Jacobs claims new documents support attack on Mercury

MINNEAPOLIS – For the second time in less than a week, Genmar Holdings, Inc. Chairman and CEO Irwin L. Jacobs has distributed a letter to all Genmar dealers and U.S. boat manufacturers attacking Brunswick and Mercury Marine.

In a letter this morning, Jacobs wrote that “there were some amazing facts uncovered” since his Oct. 14 letter, which he said “fully support many of the statements I made in prior e-mails I sent to you last week.”

In his earlier letter, Jacobs accused Mercury of dishonesty and said the outboard engine manufacturer would do “whatever it takes to increase their own profits, even if it means hurting or possibly destroying an industry that has been declining for years.”

Today’s letter quoted several documents that Jacobs said had been unsealed by a ruling Friday from a Wisconsin district court judge in the breach of contract lawsuit between Brunswick Corp. and Yamaha Motor Corp. Ltd.

“I think you will agree that after reading the enclosed statements from Brunswick and Mercury’s desperate Memorandum of Law to the Court in Green Bay dated September 27, 2004, one has to wonder why they sued Yamaha in the first place,” Jacobs wrote.

Jacobs included several paragraphs in his letter from documents that Mercury had submitted to the court, including these:

“It is impossible for Mercury to substitute for the Yamaha powerheads within the remaining time frame of the agreement. If Yamaha stops providing powerheads under the agreement, then it would be impossible for Mercury to continue selling 75-115 HP four-stroke engines.

“If Mercury were unable to sell 75-115 HP four-stroke engines, the impact to its business and the business of Brunswick would be incalculable, but certainly devastating. It would be impossible for Mercury to recover damages sufficient to compensate for the loss of these engines. Because these engines are a central part of the Mercury product offering, and because Mercury’s consumers demand a full line of engines, it is likely that a significant number of Mercury’s customers would shift their purchases to a different engine manufacturer who could offer a full line of engines. The loss of customers in this manner would cause incalculable harm to Mercury. It would be almost impossible to quantify these damages.”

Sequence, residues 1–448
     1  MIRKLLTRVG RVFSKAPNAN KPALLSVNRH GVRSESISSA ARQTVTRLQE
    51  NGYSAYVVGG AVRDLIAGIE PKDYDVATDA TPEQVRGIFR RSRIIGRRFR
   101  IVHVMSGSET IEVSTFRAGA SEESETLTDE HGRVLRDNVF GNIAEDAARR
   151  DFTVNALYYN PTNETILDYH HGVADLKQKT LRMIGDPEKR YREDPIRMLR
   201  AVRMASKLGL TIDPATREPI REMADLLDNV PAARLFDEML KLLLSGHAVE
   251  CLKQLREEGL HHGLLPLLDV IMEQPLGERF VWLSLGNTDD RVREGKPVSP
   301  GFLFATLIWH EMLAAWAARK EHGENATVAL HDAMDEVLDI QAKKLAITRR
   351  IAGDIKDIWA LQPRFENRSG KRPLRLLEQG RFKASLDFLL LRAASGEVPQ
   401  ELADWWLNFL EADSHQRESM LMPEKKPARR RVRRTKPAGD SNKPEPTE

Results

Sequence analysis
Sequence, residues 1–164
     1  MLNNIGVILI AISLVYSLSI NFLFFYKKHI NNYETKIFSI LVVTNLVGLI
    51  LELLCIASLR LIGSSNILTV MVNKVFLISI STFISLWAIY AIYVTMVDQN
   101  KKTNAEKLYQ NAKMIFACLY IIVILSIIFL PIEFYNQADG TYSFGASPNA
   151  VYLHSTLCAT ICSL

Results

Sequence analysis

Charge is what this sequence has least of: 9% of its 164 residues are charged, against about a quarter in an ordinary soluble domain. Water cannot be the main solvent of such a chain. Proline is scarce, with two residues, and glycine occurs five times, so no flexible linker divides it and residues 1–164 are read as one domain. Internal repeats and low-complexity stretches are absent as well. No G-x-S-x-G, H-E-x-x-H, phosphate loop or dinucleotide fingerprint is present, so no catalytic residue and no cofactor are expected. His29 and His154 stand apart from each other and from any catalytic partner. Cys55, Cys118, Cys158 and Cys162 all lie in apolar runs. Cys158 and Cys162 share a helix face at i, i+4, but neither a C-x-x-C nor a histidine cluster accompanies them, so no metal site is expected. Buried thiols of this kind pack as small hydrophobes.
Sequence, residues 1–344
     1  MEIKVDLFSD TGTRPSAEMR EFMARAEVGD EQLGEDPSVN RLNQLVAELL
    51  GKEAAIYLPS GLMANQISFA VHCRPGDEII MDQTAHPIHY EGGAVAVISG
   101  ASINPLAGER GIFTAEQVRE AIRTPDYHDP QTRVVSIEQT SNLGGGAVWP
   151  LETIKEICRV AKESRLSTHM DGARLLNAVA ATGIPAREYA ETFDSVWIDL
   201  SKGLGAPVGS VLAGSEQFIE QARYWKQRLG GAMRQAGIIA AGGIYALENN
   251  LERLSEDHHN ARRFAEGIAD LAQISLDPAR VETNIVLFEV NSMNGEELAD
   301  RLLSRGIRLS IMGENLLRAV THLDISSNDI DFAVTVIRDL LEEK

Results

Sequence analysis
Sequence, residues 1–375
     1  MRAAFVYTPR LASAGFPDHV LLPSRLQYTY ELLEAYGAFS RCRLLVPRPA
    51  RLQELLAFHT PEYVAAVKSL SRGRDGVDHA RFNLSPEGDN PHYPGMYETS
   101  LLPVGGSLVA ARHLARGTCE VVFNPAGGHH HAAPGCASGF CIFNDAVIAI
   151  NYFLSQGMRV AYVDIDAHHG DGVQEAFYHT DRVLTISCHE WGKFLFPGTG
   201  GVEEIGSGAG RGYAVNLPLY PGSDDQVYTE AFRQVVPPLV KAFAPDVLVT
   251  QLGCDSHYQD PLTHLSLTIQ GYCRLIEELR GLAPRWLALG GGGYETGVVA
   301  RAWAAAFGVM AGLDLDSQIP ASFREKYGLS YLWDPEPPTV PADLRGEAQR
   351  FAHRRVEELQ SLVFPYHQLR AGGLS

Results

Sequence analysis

Jacobs said that after reading the statements he had enclosed, “I don’t believe anyone can disagree with my statement in last week’s e-mail about their “arrogance and misleading” tactics.

The Genmar CEO contends that Mercury has contradicted itself by condemning Yamaha for ‘dumping’ outboard engines in the U.S. while at the same time filing suit to get Yamaha to sell it four-stroke engine heads at a price they complained to the Department of Commerce is too cheap.

“What continues to absolutely astound me and I assume any other interested party is that Brunswick and Mercury started this whole disastrous mess,” Jacobs wrote. “With all the obstacles and uncertainties we have in business and life today, our industry certainly didn’t need Brunswick and Mercury creating a situation that not only doesn’t create a single value-added dollar to their products or our industry, but in fact, they will have potentially caused enormous added costs and great confusion to the marine industry, regardless of the legal outcome between Yamaha and Mercury.

“I believe the damage, uncertainty and confusion that Brunswick and Mercury have caused over their anti-dumping case against the Japanese engine manufacturers will go down in the marine industry history books second only to the financial damages and hardships that the OMC bankruptcy caused back in 2000.”

Mercury responds

Mercury issued a short response this morning to Jacobs’ letter, stating, “Mr. Jacobs is entitled to express his opinion. But the fact remains that both federal regulatory agencies examining dumping and the U.S. federal district court considering Brunswick’s contractual rights with Yamaha have consistently found our assertions to be correct at every stage.”

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